Donations needed for Richard Overton memorial monument at Texas State Cemetery
AUSTIN, Texas - World War II veteran Richard Overton would have been 115 on May 11 this year and those hoping to honor him with a memorial monument are asking for help to finish the project.
Overton died on December 27, 2018 at the age of 112 and at the time of his death was the nation's oldest living veteran. Overton's funeral was held on January 12, 2019 and he was buried with full military honors at the Texas State Cemetery.
Donna Brown and Gilbert Beall of Beall Memorial Art began plans to sculpt a memorial monument for Overton. The monument's remaining cost is an estimated $13,000 and things slowed down and stopped once the pandemic hit. Work has restarted but donations are still needed to complete the project.
If you'd like more information about the marker or to donate you can contact Beall Memorial Art at 512-380-9889.
LIFE OF RICHARD OVERTON
Overton was born near Bastrop in 1906 and served in the army for three years during World War II. He spent the majority of his life in Austin and was often seen on the porch of his home, which he built in East Austin in 1945.
He gave credit to God for his longevity, but he always said cigars and whiskey helped. "I been smoking cigars from when I was 18 years old, I’m still a smoking ‘em. 12 a day," he once said.
The distinction of being the nation's oldest veteran brought quite a few visitors to his front porch.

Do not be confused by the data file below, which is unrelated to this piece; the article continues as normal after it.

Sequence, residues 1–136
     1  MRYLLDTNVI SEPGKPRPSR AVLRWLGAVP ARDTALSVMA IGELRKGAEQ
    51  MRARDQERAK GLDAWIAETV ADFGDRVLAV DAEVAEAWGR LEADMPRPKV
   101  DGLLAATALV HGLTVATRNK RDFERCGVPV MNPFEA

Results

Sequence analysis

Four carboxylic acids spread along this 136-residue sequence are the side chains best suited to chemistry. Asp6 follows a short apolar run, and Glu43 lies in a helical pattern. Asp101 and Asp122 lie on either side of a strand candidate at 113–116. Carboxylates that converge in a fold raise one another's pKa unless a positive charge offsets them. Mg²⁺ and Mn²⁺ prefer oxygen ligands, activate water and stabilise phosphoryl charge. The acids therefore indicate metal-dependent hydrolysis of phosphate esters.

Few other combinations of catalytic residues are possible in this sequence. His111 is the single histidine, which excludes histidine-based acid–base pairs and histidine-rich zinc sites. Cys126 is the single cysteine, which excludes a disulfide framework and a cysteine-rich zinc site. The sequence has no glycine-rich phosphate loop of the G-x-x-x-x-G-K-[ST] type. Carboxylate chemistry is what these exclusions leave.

One person that graced that porch was former Gov. Rick Perry on Memorial Day in 2013. On Veterans Day the same year, former President Barack Obama honored Overton in front of thousands in Washington.
"His service on the battlefield was not always matched by the respect that he deserved at home. But this veteran held his head high," Obama said.
In late 2016, Overton required 24/7 care and his family started a GoFundMe that reached more than $450,000 so he was able to stay in his home.
As for being the nation’s oldest veteran, Richard Overton was grateful. He said, "I ain’t gettin rich but I feel glad."
RICHARD OVERTON HONORED
Overton was honored over the years including when he turned 111. The Austin City Council gave the street he lived on for more than 70 years an honorary name, Richard Overton Avenue.
A portion of Airport Boulevard was also renamed in memory of Overton.